Nutritional Counseling Portland ME

We’ve all heard it before: Breakfast is the most important meal of the day. But if you exercise regularly, another feast deserves front-page news—the one you eat post-workout. While researchers haven’t even begun to identify all the super combinations, they know these six power couples will give your health a boost.

Christiane Northrup, Inc.
(207) 846-8889
12 Portland Street
Yarmouth, ME
Services
Wellness Training, Women's Health, Obstetrics, Nutrition, Gynecology
Membership Organizations
American Holistic Medical Association

Data Provided by:
Gail E Valente
(207) 771-1753
616 Forest Ave
Portland, ME
Hours
Sunday: Closed
Monday: 9:00 AM - 5:00 PM
Tuesday: 9:00 AM - 5:00 PM
Wednesday: 9:00 AM - 5:00 PM
Thursday: 9:00 AM - 5:00 PM
Friday: 9:00 AM - 5:00 PM
Saturday: Closed

Portland Chiropractic Nrlgy
(207) 699-5600
19 Commercial St,# 2a
Portland, ME
Hours
Sunday: Closed
Monday: 9:00 AM - 5:00 PM
Tuesday: 9:00 AM - 5:00 PM
Wednesday: 9:00 AM - 5:00 PM
Thursday: 9:00 AM - 5:00 PM
Friday: 9:00 AM - 5:00 PM
Saturday: Closed

Jenny Craig
(207) 774-7400
333 Clarks Pond Pkwy Ste 500
South Portland, ME
Alternate Phone Number
(207) 774-7400
Services
Weight Loss, Diet Plans

Nutricomm
(207) 799-1900
42 Stanley St
South Portland, ME
Hours
Sunday: Closed
Monday: 9:00 AM - 5:00 PM
Tuesday: 9:00 AM - 5:00 PM
Wednesday: 9:00 AM - 5:00 PM
Thursday: 9:00 AM - 5:00 PM
Friday: 9:00 AM - 5:00 PM
Saturday: Closed

Jenny Craig
(207) 774-7400
222 Saint John St
Portland, ME
Alternate Phone Number
(207) 774-7400
Services
Weight Loss, Diet Plans

Caroline M Seastrom
(207) 662-5522
887 Congress St,# 320
Portland, ME
Hours
Sunday: Closed
Monday: 9:00 AM - 5:00 PM
Tuesday: 9:00 AM - 5:00 PM
Wednesday: 9:00 AM - 5:00 PM
Thursday: 9:00 AM - 5:00 PM
Friday: 9:00 AM - 5:00 PM
Saturday: Closed

Nutrition Works
(207) 772-6279
805 Stevens Ave
Portland, ME
Hours
Sunday: Closed
Monday: 9:00 AM - 5:00 PM
Tuesday: 9:00 AM - 5:00 PM
Wednesday: 9:00 AM - 5:00 PM
Thursday: 9:00 AM - 5:00 PM
Friday: 9:00 AM - 5:00 PM
Saturday: Closed

Paula A Allen
(207) 799-6394
527 Sawyer St
South Portland, ME
Hours
Sunday: Closed
Monday: 9:00 AM - 5:00 PM
Tuesday: 9:00 AM - 5:00 PM
Wednesday: 9:00 AM - 5:00 PM
Thursday: 9:00 AM - 5:00 PM
Friday: 9:00 AM - 5:00 PM
Saturday: Closed

Nutrition Consultants
(207) 854-3663
201 Main St,# 5
Westbrook, ME
Hours
Sunday: Closed
Monday: 9:00 AM - 5:00 PM
Tuesday: 9:00 AM - 5:00 PM
Wednesday: 9:00 AM - 5:00 PM
Thursday: 9:00 AM - 5:00 PM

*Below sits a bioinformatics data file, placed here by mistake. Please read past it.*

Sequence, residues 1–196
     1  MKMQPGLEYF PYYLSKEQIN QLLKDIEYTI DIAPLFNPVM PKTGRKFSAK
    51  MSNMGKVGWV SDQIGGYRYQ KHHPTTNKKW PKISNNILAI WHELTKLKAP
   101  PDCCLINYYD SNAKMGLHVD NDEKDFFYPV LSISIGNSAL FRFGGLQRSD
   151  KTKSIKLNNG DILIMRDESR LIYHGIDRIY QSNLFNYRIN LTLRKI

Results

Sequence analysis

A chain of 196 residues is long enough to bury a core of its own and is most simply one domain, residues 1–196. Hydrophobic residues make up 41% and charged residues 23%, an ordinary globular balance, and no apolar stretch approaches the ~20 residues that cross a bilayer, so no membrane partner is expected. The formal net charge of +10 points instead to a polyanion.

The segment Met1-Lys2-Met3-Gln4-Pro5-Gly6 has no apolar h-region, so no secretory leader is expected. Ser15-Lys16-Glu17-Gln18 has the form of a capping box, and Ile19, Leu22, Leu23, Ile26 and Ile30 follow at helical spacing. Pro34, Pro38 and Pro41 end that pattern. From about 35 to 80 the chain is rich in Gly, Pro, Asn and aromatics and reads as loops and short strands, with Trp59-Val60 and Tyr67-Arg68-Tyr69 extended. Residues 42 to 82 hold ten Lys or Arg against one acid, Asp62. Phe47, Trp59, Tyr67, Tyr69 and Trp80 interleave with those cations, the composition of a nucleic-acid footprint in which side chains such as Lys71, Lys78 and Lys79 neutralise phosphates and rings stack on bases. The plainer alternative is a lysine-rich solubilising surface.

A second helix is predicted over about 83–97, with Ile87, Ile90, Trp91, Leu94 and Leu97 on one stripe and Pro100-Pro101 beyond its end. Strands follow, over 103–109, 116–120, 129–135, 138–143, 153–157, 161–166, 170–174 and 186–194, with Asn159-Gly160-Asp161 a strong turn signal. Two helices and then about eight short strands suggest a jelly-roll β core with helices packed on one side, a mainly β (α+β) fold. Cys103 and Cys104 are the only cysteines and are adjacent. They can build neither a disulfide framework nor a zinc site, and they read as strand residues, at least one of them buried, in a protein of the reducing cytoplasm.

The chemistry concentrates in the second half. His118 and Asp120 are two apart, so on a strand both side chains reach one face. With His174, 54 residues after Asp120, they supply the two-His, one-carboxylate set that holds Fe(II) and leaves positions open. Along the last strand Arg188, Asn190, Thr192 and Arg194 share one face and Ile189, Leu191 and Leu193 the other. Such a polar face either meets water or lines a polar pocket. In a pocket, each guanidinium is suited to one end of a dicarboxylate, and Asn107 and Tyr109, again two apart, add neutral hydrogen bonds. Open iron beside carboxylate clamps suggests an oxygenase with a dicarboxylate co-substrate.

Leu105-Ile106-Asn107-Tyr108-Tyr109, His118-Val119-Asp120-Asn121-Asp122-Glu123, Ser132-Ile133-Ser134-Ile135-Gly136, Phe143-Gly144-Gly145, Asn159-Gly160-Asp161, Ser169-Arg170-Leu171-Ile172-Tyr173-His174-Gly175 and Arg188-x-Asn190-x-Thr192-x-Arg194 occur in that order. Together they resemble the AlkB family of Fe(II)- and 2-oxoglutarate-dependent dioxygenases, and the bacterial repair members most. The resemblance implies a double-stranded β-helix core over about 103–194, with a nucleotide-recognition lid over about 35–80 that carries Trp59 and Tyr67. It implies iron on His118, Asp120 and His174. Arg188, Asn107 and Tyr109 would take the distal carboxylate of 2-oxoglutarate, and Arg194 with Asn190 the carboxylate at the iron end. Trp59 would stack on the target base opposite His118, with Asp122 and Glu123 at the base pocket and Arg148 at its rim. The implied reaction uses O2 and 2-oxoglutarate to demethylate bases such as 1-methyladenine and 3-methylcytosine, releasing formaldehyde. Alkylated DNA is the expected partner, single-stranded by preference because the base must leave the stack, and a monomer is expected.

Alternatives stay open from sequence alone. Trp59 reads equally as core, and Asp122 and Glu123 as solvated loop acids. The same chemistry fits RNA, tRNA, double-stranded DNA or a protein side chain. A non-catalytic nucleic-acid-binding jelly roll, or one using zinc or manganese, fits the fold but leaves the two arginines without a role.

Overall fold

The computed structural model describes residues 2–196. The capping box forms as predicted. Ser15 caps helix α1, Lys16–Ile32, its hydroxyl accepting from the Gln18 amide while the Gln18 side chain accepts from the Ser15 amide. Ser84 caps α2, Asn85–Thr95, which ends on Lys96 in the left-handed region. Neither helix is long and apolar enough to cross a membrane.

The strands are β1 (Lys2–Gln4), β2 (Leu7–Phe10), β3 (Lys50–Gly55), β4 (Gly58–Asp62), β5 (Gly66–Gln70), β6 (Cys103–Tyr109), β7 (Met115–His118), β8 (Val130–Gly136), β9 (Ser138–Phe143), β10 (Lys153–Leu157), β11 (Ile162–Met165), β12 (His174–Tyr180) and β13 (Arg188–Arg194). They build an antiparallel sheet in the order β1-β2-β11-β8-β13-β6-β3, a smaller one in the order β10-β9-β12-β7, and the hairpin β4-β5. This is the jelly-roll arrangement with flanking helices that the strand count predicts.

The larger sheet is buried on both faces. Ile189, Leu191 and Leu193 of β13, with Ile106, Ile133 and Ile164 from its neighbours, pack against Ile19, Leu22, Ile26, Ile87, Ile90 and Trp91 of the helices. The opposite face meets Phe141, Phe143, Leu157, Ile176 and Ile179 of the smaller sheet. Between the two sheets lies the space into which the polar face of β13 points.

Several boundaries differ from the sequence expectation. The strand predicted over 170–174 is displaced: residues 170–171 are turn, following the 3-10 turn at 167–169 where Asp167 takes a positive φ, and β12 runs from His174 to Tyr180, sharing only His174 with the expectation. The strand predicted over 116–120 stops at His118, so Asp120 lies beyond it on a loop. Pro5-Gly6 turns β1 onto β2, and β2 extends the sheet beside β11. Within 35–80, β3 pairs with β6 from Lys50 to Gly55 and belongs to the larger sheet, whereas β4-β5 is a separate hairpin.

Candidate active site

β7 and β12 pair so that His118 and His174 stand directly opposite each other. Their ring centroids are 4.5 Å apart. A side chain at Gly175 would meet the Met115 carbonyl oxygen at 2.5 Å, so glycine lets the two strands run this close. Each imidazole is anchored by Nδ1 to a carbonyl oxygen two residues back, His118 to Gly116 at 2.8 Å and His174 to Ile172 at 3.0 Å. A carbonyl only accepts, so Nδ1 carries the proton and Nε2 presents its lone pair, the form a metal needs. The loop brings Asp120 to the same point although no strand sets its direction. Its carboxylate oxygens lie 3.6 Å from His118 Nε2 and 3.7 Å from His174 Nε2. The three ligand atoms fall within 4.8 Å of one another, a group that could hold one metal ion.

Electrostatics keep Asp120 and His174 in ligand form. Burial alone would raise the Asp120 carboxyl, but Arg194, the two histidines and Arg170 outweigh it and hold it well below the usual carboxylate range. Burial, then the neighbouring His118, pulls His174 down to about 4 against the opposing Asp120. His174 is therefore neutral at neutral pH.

Friday: 9:00 AM - 5:00 PM
Saturday: Closed

Data Provided by:

Boosting Your Nutrition

Provided by: 

By Matthew G. Kadey, RD

Batman and Robin, Seinfeld and Kramer, Britney Spears and gossip. Some pairs are just meant to be. And according to recent research, the same holds true for nutrients. Food synergy occurs when two or more nutrients “work together to achieve a health benefit that neither could produce on their own,” says David R. Jacobs, PhD, professor of epidemiology at the University of Minnesota. For example, mix tomatoes and broccoli in a soup, and their combined disease-fighting chemicals help ward off prostate cancer more effectively than if they went at it solo.

While researchers haven’t even begun to identify all the super combinations, they know these six power couples will give your health a boost.

1. Dynamic Duo for Bone Health: Calcium and Vitamin D
When it comes to osteoporosis, vitamin D is finally getting its day in the sun. “Vitamin D is the main regulator of bone-building calcium absorption,” says Steven Pratt, MD, author of SuperFoods HealthStyle: Proven Strategies for Lifelong Health (William Morrow, 2005). That means you can down all the calcium-rich foods you want, but without a steady supply of vitamin D your bones won’t reap the full rewards. In fact, according to Susan E. Brown, PhD, director of the Osteoporosis Education Project, without enough vitamin D the body absorbs 65 percent less calcium. And the benefits of this combo extend beyond osteoporosis: Harvard Medical School researchers have determined that premenopausal women with the highest intakes of vitamin D and calcium have a 30 percent lower risk of developing breast cancer. According to the study’s lead author Jennifer Linn, “calcium and vitamin D may inhibit the adverse changes in mammary tissue resulting from compounds such as insulin-like growth factor.”

The Happy Couple: Wild Salmon and Yogurt

While a catching 10 minutes of rays each day will provide you with sufficient vitamin D, Pratt recommends sustainably harvested wild Alaskan sockeye salmon as a top food source for the nutrient. Furthermore, says Pratt, “many people don’t realize that the omega-3 fatty acids in salmon reduce inflammation that can also lead to osteoporosis.” Crunch on the bones found in the canned version, and you’ll ingest 20 percent of your daily calcium requirement as well. The next time you’re in a pinch for a lickety-split nutritious lunch Carol Fenster, PhD, president of the Savory Palate and author of Gluten-Free Quick and Easy (Avery, 2007) proposes mixing some calcium-rich yogurt with your salmon instead of mayonnaise, adding a squirt of lemon juice and a pinch of curry, and serving it between your favorite whole-grain bread for a sandwich that builds bone with each bite.

2. Dynamic Duo for Post-Workout Recovery: Carbohydrates and Protein

We’ve all heard it before: Breakfast is the most important meal of the day. But if you exercise regularly, another feast deserves front-page news—the one you eat post-workout. “Research clearly shows that consuming a...

Author: Matthew G. Kadey, RD

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